This past weekend, instead of driving over an hour to the amazing but likely very crowded Storm King Art Center, my partner and I decided instead to head northbound, to the lesser known Omi Sculpture Park in Ghent, NY. After a 40 minute drive dotted with foliage on lovely country roads, we were pleasantly surprised to be greeted by a sculpture of a beautiful, massive, incredibly life-like deer just peering out at us over Route 22. We entered the visitor center and were immediately greeted by friendly volunteers, who showed us the way.
The Omi park itself features over 60 acres of wide open fields (and some wooded areas as well) filled with immersive, large-scale sculptural and architectural pieces, and we thoroughly enjoyed walking around the place on this unseasonably warm and sunny day. I particularly enjoyed photographing the pieces, admiring how the light and shadows from the sun interacted with the pieces, and capturing my partner in creative, artistic poses.
Perhaps the most entertaining experience of our visit to Omi was a trip down underground through Alice Aycock’s sculpture, A Simple Network of Underground Wells and Tunnels. I do wish Omi had supplied some knee pads as crawling through concrete tunnels (and down rickety ladders to reach the underground) is definitely not for the faint of heart or one with bad knees. That said, the experience of hearing our voices echo to each other underneath the ground was definitely a memorable one.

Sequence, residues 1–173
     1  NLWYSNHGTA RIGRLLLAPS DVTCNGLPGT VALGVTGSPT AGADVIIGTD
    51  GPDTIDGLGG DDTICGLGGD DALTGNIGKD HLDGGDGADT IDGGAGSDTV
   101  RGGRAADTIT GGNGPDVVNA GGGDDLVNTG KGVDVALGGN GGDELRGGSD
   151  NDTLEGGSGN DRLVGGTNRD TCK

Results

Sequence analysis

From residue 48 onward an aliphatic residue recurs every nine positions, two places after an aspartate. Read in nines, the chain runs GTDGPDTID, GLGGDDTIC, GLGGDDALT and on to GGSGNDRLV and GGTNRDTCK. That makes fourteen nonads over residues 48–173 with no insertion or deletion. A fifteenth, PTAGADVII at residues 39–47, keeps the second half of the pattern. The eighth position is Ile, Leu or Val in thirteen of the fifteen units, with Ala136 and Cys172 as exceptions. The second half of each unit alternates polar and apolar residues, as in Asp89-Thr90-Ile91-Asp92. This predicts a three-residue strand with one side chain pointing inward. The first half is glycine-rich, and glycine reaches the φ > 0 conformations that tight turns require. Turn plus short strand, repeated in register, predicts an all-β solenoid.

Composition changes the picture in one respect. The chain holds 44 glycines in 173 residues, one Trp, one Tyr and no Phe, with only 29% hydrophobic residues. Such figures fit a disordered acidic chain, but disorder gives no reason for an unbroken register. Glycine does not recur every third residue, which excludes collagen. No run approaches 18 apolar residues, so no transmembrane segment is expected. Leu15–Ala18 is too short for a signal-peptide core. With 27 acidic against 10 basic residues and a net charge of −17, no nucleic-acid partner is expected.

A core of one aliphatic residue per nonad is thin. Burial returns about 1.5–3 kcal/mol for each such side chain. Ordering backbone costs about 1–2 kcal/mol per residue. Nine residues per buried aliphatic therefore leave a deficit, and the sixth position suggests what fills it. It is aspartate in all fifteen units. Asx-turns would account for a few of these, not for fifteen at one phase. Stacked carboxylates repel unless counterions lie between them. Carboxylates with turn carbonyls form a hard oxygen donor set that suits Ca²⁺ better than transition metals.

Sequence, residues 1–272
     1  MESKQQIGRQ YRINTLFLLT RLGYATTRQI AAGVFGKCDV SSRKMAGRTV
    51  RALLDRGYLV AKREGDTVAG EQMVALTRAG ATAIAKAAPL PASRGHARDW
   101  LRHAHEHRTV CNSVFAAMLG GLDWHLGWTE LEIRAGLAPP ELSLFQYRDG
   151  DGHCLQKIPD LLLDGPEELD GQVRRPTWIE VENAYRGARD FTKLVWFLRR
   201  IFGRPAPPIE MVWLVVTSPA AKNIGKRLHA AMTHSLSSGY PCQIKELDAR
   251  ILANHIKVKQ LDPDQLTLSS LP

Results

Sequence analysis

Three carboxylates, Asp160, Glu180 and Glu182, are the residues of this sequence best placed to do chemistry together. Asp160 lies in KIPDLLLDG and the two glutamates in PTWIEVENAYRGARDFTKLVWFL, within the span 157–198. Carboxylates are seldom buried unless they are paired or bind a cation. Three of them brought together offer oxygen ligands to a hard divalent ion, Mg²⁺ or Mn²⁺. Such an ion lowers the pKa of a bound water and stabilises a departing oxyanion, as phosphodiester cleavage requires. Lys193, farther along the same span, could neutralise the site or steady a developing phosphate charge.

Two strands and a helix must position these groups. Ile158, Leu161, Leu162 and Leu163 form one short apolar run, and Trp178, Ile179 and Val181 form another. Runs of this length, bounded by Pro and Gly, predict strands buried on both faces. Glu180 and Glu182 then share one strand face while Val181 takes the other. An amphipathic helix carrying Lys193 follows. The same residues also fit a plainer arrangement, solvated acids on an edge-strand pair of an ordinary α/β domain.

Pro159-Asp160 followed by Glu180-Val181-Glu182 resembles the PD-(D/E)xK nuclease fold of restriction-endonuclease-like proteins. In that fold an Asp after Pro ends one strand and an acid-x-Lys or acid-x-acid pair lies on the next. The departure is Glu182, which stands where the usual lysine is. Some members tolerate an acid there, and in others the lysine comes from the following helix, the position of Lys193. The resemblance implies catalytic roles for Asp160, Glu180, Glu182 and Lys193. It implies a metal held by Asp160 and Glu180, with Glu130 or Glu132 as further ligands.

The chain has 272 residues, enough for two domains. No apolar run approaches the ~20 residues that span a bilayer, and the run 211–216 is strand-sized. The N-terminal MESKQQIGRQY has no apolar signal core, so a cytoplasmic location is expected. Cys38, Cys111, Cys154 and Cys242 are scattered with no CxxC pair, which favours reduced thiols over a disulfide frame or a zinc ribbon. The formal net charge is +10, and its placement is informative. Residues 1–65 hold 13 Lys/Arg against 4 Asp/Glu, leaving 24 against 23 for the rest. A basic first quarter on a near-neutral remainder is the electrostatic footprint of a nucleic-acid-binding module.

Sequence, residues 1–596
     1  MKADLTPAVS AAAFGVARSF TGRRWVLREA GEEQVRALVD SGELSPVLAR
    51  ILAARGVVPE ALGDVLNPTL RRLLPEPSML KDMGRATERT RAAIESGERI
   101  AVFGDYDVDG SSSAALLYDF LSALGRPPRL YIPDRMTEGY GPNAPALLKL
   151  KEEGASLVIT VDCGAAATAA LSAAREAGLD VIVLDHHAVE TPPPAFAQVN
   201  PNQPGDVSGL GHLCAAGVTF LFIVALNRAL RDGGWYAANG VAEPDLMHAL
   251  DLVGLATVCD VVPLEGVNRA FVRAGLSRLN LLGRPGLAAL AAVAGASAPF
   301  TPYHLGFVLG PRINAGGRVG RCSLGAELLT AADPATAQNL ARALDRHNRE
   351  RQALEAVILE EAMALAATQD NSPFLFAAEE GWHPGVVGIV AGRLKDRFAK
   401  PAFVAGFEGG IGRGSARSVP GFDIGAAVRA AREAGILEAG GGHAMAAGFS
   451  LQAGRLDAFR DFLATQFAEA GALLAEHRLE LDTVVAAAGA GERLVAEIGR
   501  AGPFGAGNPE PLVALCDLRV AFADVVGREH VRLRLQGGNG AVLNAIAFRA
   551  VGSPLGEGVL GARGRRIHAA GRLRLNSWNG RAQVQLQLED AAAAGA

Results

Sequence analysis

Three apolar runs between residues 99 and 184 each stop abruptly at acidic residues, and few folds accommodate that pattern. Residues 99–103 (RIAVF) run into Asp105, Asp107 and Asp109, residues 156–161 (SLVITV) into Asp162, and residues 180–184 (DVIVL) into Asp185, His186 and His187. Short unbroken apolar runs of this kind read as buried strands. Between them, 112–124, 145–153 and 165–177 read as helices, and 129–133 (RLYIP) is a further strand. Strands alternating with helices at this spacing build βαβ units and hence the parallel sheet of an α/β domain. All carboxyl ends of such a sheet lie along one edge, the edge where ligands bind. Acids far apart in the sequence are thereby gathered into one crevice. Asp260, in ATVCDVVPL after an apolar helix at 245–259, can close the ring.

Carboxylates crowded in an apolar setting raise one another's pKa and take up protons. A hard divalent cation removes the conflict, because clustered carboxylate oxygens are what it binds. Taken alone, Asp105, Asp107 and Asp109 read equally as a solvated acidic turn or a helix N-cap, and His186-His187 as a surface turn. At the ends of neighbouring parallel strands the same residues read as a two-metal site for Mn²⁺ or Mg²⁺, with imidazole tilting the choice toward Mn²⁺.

After our visit to Omi, we checked out the eleven days new Olde York Farm Distillery & Cooperage Tasting Room in Claverack (15 minutes from Hudson, NY) where we tasted and fell in love with the delicious Smoked Maple Bourbon. We also tasted the Cacao Maple Vodka which, surprisingly, had a legitimate chocolate finish that didn't taste as strange as it sounded. (In fact was pretty darn good.) I didn't know what a cooperage was so I inquired within, and the owners explained that they make all their own barrels rather than sourcing them. For those who are unfamiliar, when making alcohol, barrels are used to age your favorite spirits for various lengths of time, depending on the desired result, and different types of wood will produce different flavors. The co-owner, Sophie, said the cooperage started as her father's hobby, and over time became a real business for them. Pretty cool! (I love these kinds of entrepreneurship stories.) In addition to the tasting, they also give tours of the distillery and the cooperage, which Event Atlas will gladly put together for you!